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Nature. 2009 Aug 6;460(7256):753-7. doi: 10.1038/nature08192. Epub 2009 Jul 1.

Common variants on chromosome 6p22.1 are associated with schizophrenia.

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1
Department of Psychiatry and Behavioral Sciences, Stanford University, Stanford, California 94304, USA.

Abstract

Schizophrenia, a devastating psychiatric disorder, has a prevalence of 0.5-1%, with high heritability (80-85%) and complex transmission. Recent studies implicate rare, large, high-penetrance copy number variants in some cases, but the genes or biological mechanisms that underlie susceptibility are not known. Here we show that schizophrenia is significantly associated with single nucleotide polymorphisms (SNPs) in the extended major histocompatibility complex region on chromosome 6. We carried out a genome-wide association study of common SNPs in the Molecular Genetics of Schizophrenia (MGS) case-control sample, and then a meta-analysis of data from the MGS, International Schizophrenia Consortium and SGENE data sets. No MGS finding achieved genome-wide statistical significance. In the meta-analysis of European-ancestry subjects (8,008 cases, 19,077 controls), significant association with schizophrenia was observed in a region of linkage disequilibrium on chromosome 6p22.1 (P = 9.54 x 10(-9)). This region includes a histone gene cluster and several immunity-related genes--possibly implicating aetiological mechanisms involving chromatin modification, transcriptional regulation, autoimmunity and/or infection. These results demonstrate that common schizophrenia susceptibility alleles can be detected. The characterization of these signals will suggest important directions for research on susceptibility mechanisms.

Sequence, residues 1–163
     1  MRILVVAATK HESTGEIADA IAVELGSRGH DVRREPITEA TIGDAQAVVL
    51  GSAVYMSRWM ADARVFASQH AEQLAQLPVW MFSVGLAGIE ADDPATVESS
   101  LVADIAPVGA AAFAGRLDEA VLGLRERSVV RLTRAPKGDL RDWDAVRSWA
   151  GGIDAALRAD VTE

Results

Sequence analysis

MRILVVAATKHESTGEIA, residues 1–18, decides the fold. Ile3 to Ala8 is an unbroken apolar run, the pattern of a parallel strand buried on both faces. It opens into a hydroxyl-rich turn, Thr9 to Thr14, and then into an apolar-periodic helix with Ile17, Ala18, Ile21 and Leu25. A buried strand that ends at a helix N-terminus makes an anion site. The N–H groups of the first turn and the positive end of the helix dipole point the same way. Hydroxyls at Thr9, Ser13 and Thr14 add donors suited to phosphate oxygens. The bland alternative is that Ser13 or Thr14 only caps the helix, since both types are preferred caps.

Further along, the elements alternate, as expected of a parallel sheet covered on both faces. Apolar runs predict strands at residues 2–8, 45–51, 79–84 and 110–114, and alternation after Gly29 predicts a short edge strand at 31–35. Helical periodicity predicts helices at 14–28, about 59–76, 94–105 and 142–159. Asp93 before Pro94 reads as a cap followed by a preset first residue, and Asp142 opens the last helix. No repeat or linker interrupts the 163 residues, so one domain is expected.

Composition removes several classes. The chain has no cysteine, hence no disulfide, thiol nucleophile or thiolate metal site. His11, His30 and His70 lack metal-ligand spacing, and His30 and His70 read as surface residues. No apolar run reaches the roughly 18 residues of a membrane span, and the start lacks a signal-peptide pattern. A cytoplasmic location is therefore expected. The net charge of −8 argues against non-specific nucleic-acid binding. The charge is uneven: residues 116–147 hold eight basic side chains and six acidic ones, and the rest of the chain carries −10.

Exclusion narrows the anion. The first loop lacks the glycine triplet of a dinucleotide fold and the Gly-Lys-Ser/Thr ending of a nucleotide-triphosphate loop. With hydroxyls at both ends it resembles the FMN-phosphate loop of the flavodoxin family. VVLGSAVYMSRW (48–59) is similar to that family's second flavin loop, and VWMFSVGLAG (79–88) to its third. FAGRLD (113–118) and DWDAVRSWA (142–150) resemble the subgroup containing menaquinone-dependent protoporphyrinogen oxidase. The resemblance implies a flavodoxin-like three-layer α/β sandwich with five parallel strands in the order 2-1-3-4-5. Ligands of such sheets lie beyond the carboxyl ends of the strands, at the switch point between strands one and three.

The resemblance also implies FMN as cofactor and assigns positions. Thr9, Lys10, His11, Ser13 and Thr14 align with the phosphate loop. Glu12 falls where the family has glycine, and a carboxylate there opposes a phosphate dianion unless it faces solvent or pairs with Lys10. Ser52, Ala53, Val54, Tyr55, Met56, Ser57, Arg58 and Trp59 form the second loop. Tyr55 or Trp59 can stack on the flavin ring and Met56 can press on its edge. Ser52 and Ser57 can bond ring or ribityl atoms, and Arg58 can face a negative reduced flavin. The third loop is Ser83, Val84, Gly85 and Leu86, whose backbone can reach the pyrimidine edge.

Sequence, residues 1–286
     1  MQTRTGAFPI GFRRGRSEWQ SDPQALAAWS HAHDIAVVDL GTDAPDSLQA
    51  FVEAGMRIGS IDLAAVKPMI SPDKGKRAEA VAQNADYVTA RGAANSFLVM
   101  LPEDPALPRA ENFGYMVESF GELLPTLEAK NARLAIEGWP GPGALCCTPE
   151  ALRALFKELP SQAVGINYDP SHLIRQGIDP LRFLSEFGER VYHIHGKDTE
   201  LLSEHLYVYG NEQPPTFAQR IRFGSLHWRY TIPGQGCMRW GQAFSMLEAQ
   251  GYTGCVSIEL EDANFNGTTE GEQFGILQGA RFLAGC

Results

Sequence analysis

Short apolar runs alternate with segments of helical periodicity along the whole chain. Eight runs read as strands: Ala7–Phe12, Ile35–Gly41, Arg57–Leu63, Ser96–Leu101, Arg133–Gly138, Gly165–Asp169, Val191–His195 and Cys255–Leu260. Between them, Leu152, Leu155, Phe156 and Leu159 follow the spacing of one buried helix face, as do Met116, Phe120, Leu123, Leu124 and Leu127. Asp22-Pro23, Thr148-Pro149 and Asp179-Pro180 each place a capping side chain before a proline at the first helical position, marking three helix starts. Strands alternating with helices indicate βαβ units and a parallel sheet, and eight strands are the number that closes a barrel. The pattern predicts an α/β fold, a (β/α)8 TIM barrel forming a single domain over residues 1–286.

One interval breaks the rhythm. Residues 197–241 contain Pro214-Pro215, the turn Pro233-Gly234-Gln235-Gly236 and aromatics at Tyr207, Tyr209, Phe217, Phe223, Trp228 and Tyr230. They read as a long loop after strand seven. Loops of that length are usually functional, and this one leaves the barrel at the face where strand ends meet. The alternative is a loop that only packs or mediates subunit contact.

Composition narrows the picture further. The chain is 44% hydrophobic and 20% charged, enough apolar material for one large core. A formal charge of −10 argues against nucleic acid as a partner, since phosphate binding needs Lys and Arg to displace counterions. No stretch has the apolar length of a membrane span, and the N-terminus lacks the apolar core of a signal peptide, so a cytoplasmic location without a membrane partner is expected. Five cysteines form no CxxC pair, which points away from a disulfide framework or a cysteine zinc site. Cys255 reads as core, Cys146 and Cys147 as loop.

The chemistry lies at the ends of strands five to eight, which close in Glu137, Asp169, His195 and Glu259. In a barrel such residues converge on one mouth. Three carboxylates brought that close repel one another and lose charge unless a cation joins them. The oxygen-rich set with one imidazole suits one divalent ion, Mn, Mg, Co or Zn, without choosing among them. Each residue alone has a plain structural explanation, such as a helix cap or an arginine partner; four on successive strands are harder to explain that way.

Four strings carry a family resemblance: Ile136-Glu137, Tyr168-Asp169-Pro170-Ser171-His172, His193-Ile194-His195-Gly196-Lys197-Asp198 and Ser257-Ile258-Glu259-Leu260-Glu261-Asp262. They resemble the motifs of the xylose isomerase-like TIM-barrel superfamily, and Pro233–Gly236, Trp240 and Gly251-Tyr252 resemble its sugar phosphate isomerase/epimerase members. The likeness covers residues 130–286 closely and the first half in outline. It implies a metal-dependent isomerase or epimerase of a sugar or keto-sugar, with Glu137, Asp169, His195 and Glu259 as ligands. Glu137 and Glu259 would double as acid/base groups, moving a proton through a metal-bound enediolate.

PMID:
19571809
PMCID:
PMC2775422
DOI:
10.1038/nature08192
[Indexed for MEDLINE]
Free PMC Article

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